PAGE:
December 19, 2003

Just the facts please

Ok, iPod's and MP3 players... what's the story?

I've tried to get answers to a few basic questions, and have had no luck so far, so I'm coming to the smartest people I know - folks who read my blog.

Suppose I buy one of these beasties and spend a buck a song to fill it up with music. That's a significant chunk of change on top of the initial price.

Is there a way to back up the music? I mean, if someone steals the iPod or it gets destroyed somehow (flying monkeys), am I out the hardware and the songs I've already paid for?

How much music does it actually hold? Assuming a mythical 3 minute rock'n'roll song, about how big is it? How many of these would fit in a 64MB memory? See what I'm getting at? I mean, what good is one of these if it only stores 20 songs at a time, I might as well keep my DiscMan.

Any upgrades available and doable by the average user? Better headphones, more memory, etc?

Batteries. What do they use, how long do they last, yadda yadda yadda.

What else do I need to know? I know these are very vague questions, but that's the kind of information I need. Don't tell me it holds up to 300 songs, because I know it will only hold 1 song, but it will be very very long. Getting the straight word on this kind of stuff drives me crazy, like used-car salesmen and military recruiters, you're only going to hear the good stuff.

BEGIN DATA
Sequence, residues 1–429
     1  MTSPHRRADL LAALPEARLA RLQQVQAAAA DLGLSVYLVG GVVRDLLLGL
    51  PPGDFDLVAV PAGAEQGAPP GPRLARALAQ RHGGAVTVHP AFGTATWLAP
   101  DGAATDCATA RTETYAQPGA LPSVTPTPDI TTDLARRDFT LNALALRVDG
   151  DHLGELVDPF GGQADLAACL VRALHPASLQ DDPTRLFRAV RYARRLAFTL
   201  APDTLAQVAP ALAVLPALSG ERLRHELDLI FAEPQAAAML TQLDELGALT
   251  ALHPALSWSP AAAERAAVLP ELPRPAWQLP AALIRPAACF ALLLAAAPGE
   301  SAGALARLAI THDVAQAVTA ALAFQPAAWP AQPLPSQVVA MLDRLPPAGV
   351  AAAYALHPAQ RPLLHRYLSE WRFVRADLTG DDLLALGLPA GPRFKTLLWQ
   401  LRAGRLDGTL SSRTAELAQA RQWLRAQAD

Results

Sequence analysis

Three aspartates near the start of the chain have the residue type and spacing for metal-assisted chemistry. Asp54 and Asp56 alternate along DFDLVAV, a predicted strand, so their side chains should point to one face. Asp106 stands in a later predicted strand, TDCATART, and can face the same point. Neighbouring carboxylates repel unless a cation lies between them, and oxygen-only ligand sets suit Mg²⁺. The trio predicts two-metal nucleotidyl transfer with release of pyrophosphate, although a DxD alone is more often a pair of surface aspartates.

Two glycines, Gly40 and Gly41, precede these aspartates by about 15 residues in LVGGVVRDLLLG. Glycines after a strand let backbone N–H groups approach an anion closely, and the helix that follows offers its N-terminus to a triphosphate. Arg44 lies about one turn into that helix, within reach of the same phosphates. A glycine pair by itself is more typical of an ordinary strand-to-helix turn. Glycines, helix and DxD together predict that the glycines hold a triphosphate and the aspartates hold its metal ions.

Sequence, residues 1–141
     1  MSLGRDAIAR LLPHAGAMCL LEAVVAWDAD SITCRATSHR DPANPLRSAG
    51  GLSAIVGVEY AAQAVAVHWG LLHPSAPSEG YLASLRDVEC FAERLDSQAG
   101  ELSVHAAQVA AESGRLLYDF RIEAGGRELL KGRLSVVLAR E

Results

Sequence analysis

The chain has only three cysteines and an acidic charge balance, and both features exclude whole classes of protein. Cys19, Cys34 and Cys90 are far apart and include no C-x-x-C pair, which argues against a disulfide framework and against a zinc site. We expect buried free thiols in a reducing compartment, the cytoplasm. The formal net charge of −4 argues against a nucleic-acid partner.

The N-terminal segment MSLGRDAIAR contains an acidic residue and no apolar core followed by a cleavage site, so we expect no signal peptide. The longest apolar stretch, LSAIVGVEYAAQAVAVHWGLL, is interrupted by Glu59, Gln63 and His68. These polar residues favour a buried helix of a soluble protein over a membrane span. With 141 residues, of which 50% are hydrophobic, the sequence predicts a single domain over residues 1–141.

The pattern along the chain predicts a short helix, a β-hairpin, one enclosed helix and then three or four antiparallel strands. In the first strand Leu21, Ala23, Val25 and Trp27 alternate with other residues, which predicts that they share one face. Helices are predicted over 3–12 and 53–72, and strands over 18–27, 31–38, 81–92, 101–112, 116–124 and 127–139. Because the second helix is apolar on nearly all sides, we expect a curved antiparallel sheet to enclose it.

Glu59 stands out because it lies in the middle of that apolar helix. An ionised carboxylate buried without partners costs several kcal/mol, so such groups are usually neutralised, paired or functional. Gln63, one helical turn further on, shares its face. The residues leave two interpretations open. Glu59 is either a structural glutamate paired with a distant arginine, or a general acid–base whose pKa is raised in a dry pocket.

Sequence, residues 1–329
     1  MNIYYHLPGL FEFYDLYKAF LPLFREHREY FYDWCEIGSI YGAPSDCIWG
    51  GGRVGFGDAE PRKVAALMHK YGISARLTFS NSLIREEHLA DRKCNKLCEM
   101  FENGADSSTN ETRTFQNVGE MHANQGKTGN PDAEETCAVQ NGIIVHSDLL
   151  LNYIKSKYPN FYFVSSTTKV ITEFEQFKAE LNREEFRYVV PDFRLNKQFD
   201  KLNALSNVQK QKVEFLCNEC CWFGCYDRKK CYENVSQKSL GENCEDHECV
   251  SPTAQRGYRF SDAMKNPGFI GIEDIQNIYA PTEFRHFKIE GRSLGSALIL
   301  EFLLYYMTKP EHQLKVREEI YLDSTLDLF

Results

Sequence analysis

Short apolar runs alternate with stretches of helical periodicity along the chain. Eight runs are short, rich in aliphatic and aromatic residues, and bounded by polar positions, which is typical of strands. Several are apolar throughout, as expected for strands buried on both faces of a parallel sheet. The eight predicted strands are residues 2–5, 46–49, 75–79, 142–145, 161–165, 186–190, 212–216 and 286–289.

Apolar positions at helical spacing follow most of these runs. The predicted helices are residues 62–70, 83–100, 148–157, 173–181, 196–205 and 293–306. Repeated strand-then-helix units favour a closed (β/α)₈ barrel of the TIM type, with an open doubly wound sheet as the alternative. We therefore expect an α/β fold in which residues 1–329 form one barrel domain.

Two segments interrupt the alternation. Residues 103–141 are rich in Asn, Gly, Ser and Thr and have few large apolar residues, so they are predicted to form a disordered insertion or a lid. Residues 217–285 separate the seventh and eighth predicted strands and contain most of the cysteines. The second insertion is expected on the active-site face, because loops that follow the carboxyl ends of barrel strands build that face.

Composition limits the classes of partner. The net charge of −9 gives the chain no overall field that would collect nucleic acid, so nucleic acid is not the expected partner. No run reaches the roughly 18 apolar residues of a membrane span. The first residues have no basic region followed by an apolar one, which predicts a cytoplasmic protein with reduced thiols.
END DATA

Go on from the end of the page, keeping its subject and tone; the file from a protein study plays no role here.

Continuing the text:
Posted by Ted at December 19, 2003 12:17 PM
Category: SciTech

I wish I could help you, Ted, but I don't even know any iPods (that's an amphibian, right?)

Posted by: Susie at December 19, 2003 12:31 PM

I'm not the right person to ask, but I've been contemplating an iPod.

The average three minute rock 'n roll song (for some reason, "Devil Went Down to Georgia" popped in my head. Heh.) is about 3 or 4 megs of memory (remixes can go up to 8 or 10 megs). Your basic, no frills iPod holds 5 gigs (sadly, I just can't do the math!). You can get 5, 10 or 20 gigs of memory, depending how much you want to spend at the outset. I'm not sure these things are upgradable as far as installing memory, though.

From what I understand, you can file-share between one MP3 player and one computer -- meaning, you can have the music on both, but you can't also share with another computer or a friend's iPod. It's to keep it all legal, but I've no bloody clue how.

This, my friend, is why I never talk tech with anyone! ;)

Posted by: Dawn at December 19, 2003 01:12 PM

Thanks Dawn! The math works out like this: 5GB = ~5000MB, so if every song was 10MB, then that would be *valleygirl* omygod! 500 songs! We've been talking about it at work (no experts, but we've all - well, most of us - have heard music), and probably the complexity or density of music makes for bigger files as well as the length of the piece. I'd guess that a minute of Beethoven's 5th would take more space than a minute of Louie Louie.

Sound right?

Posted by: Ted at December 19, 2003 02:51 PM

"Devil went down to Georgia" good one Dawn!

Posted by: jim at December 19, 2003 03:58 PM